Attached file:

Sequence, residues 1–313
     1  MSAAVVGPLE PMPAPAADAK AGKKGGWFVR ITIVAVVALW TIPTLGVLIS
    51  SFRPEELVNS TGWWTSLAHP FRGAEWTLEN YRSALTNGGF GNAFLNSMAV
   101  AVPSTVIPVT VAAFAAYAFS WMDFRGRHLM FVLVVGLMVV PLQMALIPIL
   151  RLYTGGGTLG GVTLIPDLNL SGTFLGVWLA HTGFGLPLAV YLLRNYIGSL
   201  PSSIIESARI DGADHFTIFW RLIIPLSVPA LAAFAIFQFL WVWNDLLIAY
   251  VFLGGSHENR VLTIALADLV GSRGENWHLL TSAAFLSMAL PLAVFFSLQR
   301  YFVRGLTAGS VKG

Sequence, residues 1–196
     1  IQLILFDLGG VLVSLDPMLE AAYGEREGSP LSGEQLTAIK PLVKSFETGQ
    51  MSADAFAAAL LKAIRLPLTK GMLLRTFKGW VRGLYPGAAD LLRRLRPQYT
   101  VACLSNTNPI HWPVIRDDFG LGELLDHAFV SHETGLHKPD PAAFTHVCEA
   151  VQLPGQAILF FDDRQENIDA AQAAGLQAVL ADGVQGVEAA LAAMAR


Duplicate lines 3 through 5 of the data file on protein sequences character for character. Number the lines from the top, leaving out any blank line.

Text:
    51  SFRPEELVNS TGWWTSLAHP FRGAEWTLEN YRSALTNGGF GNAFLNSMAV
   101  AVPSTVIPVT VAAFAAYAFS WMDFRGRHLM FVLVVGLMVV PLQMALIPIL
   151  RLYTGGGTLG GVTLIPDLNL SGTFLGVWLA HTGFGLPLAV YLLRNYIGSL